Following the success of his Tickets tapas bar and 41° cocktail bar, both in Barcelona, chef Albert Adria once again called on local firm El Equipo Creativo to create a restaurant interior. This time, it was for his foray into Nikkei – a fusion cuisine influenced by the Japanese diaspora in Peru.
Housed in a long and narrow space in the Sants-Montjuic neighbourhood, Pakta is divided into three sections. At the entrance is a sake and pisco bar that’s made from a 3D framework, reminiscent of scaffolding, that serves as shelving. The bar is set right up against the facade, where discreet windows catch the eyes of passersby by framing traditional Japanese ceramics and beverages.
In the dining room, the firm boosts the Latin flavour by inserting a second interior skin based on the structure of the Peruvian weaving loom. Some empty, several placed at varying heights, these wooden panels create dimension and cozy nooks. Threaded with coloured cotton cloth reminiscent of traditional folk dress, they offer intense patches of reds and golds as well as serene clusters of greens and browns. They also contrast against the sushi bars – three plinths made of marble from Novelda, Spain. At the very back, a glassed-in box contains the kitchen, allowing patrons to observe the chefs at work.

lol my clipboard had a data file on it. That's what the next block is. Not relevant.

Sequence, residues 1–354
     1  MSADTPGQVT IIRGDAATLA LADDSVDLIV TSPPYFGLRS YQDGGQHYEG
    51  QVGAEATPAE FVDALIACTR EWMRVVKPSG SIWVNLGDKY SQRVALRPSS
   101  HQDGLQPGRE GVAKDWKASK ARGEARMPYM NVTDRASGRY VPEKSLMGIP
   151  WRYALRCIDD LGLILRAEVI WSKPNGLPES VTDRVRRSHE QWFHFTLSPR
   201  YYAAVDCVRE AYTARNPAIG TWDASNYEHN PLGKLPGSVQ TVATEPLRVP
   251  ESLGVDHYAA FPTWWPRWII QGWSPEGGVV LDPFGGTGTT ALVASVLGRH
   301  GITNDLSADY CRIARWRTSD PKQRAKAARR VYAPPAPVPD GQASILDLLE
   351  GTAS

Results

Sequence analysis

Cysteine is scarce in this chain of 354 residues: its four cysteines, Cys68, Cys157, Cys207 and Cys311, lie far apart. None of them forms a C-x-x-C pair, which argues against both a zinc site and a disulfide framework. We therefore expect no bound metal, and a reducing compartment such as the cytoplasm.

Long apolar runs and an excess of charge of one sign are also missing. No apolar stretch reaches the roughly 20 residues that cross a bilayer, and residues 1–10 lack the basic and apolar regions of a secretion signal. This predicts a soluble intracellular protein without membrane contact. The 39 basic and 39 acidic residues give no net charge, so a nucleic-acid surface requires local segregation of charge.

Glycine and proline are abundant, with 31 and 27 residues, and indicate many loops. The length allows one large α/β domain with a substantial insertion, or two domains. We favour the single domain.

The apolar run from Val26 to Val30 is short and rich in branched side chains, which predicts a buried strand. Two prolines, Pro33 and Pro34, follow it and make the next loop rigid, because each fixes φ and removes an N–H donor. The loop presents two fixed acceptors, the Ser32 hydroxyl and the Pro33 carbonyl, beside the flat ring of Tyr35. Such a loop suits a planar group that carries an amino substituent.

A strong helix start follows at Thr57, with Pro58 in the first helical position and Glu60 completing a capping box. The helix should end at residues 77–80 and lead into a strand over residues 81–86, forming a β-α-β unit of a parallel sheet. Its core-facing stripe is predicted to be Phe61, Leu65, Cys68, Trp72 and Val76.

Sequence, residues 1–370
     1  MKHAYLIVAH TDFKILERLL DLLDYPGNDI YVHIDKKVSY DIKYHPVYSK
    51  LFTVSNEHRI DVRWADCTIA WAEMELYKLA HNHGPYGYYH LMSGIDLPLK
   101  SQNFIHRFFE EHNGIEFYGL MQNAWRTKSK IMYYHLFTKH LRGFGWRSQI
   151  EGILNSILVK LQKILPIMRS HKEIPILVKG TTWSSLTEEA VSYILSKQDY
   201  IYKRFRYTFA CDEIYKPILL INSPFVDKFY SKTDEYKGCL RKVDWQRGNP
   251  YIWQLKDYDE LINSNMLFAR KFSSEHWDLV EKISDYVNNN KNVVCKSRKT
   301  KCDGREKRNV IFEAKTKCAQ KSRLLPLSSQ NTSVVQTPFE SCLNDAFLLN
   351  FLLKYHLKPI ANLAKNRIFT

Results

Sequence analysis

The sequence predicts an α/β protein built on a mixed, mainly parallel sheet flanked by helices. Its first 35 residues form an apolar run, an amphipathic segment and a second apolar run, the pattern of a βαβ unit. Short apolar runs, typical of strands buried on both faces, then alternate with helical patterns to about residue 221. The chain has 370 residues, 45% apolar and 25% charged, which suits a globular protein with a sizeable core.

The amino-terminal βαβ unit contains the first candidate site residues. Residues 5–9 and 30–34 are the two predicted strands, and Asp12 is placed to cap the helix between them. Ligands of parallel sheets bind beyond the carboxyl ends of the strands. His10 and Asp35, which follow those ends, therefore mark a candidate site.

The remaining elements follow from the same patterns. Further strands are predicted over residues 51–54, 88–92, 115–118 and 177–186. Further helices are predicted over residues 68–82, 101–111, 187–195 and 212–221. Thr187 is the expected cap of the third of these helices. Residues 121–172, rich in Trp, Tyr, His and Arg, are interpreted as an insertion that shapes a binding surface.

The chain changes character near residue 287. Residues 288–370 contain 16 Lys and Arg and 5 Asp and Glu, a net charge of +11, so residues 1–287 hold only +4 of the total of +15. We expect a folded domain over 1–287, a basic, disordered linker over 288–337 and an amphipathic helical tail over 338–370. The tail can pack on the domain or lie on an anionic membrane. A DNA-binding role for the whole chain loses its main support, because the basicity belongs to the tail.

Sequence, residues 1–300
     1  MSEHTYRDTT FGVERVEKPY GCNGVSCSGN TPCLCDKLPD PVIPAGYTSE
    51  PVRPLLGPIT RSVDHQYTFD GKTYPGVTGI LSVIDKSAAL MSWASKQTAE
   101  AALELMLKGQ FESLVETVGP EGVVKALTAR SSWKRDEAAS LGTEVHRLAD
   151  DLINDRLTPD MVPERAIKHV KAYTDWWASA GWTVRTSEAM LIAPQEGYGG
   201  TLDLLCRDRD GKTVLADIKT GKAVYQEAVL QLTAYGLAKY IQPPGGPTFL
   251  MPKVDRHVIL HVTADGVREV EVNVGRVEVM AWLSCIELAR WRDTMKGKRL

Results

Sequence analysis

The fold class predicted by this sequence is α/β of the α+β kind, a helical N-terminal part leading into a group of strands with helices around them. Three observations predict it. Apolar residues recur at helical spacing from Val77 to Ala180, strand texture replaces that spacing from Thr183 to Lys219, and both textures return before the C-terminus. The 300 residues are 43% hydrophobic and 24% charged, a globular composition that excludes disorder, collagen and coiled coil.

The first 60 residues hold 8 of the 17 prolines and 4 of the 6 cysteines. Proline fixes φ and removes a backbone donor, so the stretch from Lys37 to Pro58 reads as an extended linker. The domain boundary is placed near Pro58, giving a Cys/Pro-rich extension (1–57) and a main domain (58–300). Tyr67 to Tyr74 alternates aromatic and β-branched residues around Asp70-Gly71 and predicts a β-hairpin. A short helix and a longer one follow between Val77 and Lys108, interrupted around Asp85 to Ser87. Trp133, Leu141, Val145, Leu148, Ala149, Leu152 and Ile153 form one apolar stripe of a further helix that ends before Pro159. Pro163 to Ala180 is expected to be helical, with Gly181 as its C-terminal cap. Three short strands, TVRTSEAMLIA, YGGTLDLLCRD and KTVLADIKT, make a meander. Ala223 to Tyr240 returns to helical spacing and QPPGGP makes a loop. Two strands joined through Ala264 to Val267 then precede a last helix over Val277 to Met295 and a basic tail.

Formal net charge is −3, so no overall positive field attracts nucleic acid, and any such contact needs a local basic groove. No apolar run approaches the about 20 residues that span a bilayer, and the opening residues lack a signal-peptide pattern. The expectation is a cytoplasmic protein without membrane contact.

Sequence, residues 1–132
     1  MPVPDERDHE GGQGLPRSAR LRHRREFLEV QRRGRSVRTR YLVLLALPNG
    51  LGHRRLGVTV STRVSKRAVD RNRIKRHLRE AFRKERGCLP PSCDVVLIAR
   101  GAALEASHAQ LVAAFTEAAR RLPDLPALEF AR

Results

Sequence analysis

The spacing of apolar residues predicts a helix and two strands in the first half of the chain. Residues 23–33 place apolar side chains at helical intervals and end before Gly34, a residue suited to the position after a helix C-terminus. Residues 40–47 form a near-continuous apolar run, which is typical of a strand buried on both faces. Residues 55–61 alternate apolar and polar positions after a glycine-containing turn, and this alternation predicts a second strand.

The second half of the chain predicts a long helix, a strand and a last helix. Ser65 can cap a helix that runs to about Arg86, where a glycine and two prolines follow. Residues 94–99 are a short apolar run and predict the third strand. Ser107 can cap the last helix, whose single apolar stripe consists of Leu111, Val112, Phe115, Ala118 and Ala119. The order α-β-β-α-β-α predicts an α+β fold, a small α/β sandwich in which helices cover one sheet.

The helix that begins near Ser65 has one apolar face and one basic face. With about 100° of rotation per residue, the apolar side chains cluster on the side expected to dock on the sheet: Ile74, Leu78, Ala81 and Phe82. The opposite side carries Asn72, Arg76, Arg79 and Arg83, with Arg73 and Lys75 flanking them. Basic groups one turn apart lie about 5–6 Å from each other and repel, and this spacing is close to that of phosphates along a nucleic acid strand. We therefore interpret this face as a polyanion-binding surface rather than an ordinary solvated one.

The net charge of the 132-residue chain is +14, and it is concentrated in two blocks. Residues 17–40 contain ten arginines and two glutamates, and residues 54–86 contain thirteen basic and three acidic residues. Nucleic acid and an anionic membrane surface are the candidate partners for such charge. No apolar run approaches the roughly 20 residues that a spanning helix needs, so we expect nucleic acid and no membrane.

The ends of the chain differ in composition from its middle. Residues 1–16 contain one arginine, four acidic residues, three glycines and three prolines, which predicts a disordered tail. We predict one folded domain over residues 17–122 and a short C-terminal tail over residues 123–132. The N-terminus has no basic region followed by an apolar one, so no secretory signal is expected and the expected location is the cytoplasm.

The overall aesthetic creates a tension between the colours of Peru and the austerity of Japanese taverns. While the bars, kitchen and furnishings are understated – both in material and form – the chromatic interior draws its inspiration from the colours, traditions and ingredients native to South America. Lauded as one of Barcelona’s biggest restaurant openings of the year, Pakta proves fusion food – and aesthetics – can be successful.